Tag Archive for JFK files

Will new CIA director Gina Haspel take a tougher line on JFK files?

Ed asks: “What do you foresee as a result of Mike Pompeo being replaced by Gina Haspel as CIA Director?”

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Data glitches mar the coming JFK file release

A timely data-rich report on the last of the goverrnment’s secret JFK files from Jimmy Falls at WhoWhatWhy.

This issue here is not “conspiracy.” The question is transparency, specifically, will the letter and the spirit of the JFK Records Act be enforced in time for President Trump’s April 28, 2018 full disclosure deadline?

“The National Archives’ commendable efforts to make the new records available online notwithstanding, overall the release process has been disappointing and disheartening,” Rex Bradford — president of the Mary Ferrell Foundation, which hosts one of the premiere sites for searchable, online JFK documents — told WhoWhatWhy.

Source: What’s Buried in the Missing JFK Documents? – WhoWhatWhy

 

Birch O’Neal: the CIA’s unknown Oswald expert

Birch O'Neal

Birch O’Neal, counterintelligence officer who opened the CIA’s Oswald file in 1959

One of the most significant new JFK files concerns a CIA officer you probably never heard of.

Birch O’Neal is virtually unknown in the vast literature of JFK’s assassination. He is not mentioned in the reports of the Warren Commission or the House Select Committee on Assassinations. He figures in no conspiracy theories.

Yet O’Neal played a seminal role in the story of the CIA and accused assassin Lee Harvey Oswald. As a mole hunter for counterintelligence chief James Angleton, O’Neal controlled the agency’s Oswald file from November 1959 to November 1963.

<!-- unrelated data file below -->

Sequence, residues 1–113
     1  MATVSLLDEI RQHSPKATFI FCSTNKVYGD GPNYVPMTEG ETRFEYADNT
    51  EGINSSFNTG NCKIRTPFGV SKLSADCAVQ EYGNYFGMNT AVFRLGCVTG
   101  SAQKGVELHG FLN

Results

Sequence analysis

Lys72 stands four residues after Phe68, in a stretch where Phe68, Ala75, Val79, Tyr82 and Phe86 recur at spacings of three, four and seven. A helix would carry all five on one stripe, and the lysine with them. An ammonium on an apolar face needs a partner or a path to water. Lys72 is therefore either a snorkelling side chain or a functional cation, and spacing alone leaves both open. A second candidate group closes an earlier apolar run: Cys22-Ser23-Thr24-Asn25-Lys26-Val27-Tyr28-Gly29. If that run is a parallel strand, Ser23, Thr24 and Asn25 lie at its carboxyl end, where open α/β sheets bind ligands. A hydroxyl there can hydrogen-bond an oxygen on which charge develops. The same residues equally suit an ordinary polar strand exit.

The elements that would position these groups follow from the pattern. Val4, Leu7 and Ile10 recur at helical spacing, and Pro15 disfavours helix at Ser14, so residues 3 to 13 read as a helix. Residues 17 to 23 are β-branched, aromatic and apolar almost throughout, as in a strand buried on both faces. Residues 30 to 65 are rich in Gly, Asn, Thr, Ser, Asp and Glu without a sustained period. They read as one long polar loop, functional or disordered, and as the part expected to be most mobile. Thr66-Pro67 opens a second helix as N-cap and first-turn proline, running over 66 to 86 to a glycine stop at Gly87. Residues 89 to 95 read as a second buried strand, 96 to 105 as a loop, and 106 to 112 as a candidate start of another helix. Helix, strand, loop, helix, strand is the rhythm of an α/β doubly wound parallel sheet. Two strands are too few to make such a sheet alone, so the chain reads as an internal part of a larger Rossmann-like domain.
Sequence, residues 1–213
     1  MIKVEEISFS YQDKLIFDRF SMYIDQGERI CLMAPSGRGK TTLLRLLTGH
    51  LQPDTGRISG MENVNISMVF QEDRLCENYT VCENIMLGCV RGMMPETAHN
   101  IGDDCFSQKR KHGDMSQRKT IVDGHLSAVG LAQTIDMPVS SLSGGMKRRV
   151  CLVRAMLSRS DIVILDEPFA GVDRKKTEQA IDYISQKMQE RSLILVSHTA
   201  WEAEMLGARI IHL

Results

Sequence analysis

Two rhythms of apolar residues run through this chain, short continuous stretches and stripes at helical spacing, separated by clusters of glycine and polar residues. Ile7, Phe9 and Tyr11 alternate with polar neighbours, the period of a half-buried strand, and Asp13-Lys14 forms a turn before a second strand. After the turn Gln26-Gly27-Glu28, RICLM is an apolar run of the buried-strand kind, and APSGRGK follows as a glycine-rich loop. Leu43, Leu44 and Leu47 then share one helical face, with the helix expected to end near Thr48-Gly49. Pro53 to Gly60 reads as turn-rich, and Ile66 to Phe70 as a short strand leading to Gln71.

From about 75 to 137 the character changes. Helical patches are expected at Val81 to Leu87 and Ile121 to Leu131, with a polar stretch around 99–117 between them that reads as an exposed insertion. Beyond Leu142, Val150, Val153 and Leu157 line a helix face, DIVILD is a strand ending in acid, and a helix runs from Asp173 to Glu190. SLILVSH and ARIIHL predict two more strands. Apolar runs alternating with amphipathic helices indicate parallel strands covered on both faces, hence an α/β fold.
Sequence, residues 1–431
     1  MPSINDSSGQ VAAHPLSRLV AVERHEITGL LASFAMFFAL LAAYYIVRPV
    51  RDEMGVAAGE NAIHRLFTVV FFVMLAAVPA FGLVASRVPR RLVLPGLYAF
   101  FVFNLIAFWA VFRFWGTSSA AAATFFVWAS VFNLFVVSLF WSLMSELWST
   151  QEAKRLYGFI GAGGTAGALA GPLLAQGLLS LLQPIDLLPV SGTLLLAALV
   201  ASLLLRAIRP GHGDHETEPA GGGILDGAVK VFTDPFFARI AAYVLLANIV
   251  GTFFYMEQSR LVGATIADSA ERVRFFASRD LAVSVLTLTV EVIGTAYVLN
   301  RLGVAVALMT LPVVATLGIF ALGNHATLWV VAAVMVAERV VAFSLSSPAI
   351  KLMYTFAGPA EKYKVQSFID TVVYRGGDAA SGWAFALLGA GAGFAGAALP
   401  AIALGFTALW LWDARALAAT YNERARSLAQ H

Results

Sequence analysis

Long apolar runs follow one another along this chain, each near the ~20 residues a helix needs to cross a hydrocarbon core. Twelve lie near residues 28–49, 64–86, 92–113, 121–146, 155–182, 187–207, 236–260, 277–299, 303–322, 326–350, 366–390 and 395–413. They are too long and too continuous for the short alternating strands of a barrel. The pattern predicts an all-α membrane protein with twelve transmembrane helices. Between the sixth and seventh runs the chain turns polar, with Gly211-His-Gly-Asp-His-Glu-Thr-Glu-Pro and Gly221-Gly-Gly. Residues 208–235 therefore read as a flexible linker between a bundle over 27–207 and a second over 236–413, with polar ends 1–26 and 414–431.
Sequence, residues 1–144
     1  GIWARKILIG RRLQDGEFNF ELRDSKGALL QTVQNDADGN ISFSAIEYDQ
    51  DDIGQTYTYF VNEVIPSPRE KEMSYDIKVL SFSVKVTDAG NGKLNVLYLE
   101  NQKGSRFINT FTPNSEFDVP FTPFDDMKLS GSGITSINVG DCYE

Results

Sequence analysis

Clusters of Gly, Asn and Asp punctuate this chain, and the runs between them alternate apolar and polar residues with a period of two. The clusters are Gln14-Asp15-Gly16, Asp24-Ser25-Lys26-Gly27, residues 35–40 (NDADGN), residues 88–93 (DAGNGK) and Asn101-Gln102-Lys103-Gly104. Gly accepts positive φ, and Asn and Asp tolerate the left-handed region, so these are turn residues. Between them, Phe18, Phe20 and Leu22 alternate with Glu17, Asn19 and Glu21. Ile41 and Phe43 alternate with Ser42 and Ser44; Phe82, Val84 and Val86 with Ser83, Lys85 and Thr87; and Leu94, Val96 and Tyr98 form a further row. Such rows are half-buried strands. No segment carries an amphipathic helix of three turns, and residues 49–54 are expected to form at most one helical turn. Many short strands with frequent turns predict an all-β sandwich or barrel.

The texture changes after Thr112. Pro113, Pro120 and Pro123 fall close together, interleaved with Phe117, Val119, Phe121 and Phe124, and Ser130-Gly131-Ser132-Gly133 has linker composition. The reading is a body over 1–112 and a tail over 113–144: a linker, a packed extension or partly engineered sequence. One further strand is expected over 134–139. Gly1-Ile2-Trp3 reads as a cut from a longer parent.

O’Neal’s story is still sensitive, more than 20 years after his death in 1995. Last November the agency released a heavily redacted version of O’Neal’s personnel file. Of the 224 pages in the file, 177 contain redactions, and three are wholly secret.

But one important page was released. Read more

You’ll want to read this

.. one of the most important JFK assassination records released in the Trump era.

What’s in Cuba’s JFK files?

Kevin Hall’s recent piece for McClatchy News is a good example of how to cover the new JFK files right. The piece provides new information and historical perspective, while avoiding the traps of conspiracy theories. Hall highlights a neglected subject: the importance  of JFK assassination records still held by the Cuban government. Read more

‘Denied in Full’: JFK investigator identifies a key missing CIA file that remains secret

Dan Hardway

Dan Hardway, JFK whistleblower

Here’s a 40-year old JFK file that should, by law, be released by April 28, 2018.

On September 20, 1978 the CIA evaluated the work of George Joannides, then serving as the CIA’s liaison to the House Select Committee on Assassinations (HSCA).

As HSCA investigator Dan Hardway (left)  explains in this sworn affidavit,  Joannides was stonewalling Congress’s JFK investigation at the time.

The release of this document would illuminate what the CIA thought of Joannides’ actions, which former HSCA counsel G. Robert Blakey has described as “obstruction of Congress.”

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What the last of JFK assassination files will show us

A report on what we will learn, if and when President Trump releases the last of the government’s JFK assassination files in April 2018.

“If Lee Harvey Oswald was, as cliche has it, a “lone nut,” he was the one and only isolated sociopath monitored by top CIA counterintelligence officers in the weeks and month before JFK was killed.”

Read the full story, with documentation, here.

 

Oswald under surveillance: the last JFK secret

WaPo Oswald

The CIA paid close attention starting in 1959.